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Unions Claim Prop 32 Would Rob Them Of Political Power

LOS ANGELES ( — Labor union members claim Proposition 32, which would limit how unions raise money for California political campaigns, would rob them of their political power.

A clause in the proposition on the November ballot would prohibit unions from payroll-deducted funds for political purposes.

Jack Pitney, a political science professor at Claremont McKenna College, said the provision weakens the ability of unions to participate in elections.

"They could still try to get voluntary donations from members, but without that steady stream of income via the payroll deductions, it would be a lot harder for them," he said.

Maria Elena Durazo from the Los Angeles County Federation of Labor said, "Without payroll deduction, we could not have the resources to speak on behalf of all workers in California."

Former California Sen. Gloria Romero, a Prop 32 supporter, said the initiative would actually give power back to the workers.

"It empowers the rank-and-file union member or the union worker at a corporation to say, 'You can't just reach into my paycheck and take my money anymore,'" she said.

Prop 32 would also ban corporate and union political contributions to state and local candidates, as well as ban contractor contributions to politicians who award contracts to them.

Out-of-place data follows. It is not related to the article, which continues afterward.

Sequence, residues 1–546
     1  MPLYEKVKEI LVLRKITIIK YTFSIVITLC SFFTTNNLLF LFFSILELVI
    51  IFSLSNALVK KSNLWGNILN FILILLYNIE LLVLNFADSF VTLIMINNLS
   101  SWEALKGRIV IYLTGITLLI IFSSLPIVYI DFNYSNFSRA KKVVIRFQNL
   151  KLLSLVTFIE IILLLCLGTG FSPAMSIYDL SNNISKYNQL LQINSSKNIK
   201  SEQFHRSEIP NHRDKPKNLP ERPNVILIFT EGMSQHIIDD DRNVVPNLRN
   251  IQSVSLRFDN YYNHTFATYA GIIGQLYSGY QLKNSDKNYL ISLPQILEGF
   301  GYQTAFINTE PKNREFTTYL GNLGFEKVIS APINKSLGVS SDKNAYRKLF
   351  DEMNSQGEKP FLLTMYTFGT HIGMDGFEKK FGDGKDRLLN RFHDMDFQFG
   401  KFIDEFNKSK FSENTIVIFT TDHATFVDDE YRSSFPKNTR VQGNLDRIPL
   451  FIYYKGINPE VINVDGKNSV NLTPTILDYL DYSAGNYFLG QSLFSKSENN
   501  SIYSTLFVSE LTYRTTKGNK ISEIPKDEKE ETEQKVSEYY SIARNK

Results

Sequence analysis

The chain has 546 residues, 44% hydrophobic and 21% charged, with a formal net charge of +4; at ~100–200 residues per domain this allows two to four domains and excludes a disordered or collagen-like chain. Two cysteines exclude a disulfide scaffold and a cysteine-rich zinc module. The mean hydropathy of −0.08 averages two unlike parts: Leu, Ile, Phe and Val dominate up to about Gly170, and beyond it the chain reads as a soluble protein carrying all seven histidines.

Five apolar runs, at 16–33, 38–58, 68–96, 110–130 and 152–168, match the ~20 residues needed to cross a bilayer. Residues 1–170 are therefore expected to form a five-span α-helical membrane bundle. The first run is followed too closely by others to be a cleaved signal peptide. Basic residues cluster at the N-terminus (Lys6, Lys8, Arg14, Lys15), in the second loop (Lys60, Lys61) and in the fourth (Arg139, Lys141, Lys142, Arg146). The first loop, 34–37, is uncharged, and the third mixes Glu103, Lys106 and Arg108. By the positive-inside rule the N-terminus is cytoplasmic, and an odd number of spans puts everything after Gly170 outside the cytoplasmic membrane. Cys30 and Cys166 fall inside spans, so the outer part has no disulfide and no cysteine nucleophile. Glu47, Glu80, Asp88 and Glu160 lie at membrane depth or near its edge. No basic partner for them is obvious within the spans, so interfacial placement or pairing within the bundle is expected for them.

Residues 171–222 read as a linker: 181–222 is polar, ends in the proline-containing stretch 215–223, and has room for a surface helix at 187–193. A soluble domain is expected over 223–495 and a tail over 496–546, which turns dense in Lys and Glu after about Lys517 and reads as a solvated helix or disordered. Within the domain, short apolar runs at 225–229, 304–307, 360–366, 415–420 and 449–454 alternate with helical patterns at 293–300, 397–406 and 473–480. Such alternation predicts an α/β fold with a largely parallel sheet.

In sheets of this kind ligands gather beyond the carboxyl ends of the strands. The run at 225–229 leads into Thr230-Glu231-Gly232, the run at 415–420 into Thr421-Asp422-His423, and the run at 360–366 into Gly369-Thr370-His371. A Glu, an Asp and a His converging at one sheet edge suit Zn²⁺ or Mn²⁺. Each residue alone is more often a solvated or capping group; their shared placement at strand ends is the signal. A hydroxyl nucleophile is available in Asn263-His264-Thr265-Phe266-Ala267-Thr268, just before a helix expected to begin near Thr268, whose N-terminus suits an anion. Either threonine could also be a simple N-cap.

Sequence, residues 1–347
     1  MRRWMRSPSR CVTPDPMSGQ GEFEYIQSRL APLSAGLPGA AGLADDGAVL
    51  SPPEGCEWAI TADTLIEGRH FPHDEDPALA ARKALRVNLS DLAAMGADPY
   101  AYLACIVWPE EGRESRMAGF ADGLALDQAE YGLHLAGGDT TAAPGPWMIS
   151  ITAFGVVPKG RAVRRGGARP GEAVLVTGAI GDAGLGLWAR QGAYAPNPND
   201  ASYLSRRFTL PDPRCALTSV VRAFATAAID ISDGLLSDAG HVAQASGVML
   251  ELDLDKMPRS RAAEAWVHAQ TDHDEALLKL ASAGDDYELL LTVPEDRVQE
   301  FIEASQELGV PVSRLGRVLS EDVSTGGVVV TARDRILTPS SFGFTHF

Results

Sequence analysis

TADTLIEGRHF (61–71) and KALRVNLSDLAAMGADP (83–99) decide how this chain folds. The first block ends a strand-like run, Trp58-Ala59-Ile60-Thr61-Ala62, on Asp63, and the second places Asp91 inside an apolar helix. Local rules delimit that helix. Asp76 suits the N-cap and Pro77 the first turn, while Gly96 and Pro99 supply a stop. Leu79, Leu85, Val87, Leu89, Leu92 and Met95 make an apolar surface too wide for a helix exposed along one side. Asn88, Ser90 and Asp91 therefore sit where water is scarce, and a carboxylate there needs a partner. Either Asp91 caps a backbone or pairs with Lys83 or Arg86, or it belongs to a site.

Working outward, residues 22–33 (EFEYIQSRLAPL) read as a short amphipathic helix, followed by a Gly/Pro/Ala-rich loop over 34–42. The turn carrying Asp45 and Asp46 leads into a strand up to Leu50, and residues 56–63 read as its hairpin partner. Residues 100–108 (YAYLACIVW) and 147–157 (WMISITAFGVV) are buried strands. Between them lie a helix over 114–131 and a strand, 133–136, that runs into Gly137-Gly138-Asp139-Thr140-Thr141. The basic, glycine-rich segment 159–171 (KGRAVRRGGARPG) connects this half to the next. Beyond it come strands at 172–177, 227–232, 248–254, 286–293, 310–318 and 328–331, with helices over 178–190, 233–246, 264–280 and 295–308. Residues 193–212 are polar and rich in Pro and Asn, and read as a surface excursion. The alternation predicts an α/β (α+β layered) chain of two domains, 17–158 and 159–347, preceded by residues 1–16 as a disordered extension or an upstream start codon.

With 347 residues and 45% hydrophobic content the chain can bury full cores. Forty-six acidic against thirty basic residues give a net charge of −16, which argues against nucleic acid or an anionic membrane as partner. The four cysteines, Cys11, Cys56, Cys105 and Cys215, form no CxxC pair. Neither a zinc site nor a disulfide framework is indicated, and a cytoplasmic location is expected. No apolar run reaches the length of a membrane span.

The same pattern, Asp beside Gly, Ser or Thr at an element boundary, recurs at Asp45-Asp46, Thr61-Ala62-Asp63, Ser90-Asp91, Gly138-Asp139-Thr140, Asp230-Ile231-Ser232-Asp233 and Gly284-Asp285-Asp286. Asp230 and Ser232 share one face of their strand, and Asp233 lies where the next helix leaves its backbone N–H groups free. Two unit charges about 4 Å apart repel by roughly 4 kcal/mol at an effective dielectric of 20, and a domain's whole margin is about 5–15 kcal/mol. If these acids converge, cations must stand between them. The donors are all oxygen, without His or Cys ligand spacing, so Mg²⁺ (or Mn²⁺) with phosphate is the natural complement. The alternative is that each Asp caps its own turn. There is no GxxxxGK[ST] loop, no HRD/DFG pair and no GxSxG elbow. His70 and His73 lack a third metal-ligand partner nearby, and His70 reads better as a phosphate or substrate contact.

However, the initiative allows independent expenditures that can be used to support political figures—for example, through Super PACs.

Pitney said that gives corporations an advantage because CEOs can easily cut a check out of corporate funds, while unions have to collect funds one member at a time.

"This will hurt the unions, but not destroy them," he said.

Prop 32's biggest donor is Stanford physicist Charles Munger, the son of billionaire Charles Munger Sr.

The younger Munger has given nearly $23 million in contributions to the measure.

"Charles Munger, a conservative Republican, sincerely wants to help Republican causes. Conservative Republicans believe labor unions have been a negative force in California," said Pitney.

Pitney said a voter should support Prop 32 if they believe labor unions are too powerful.

Otherwise, he said, "If you think (the proposition) would tilt the playing field in favor of corporations and against unions, this is something that you would oppose."

According to a major poll, only 36 percent of voters are in favor of Prop 32.


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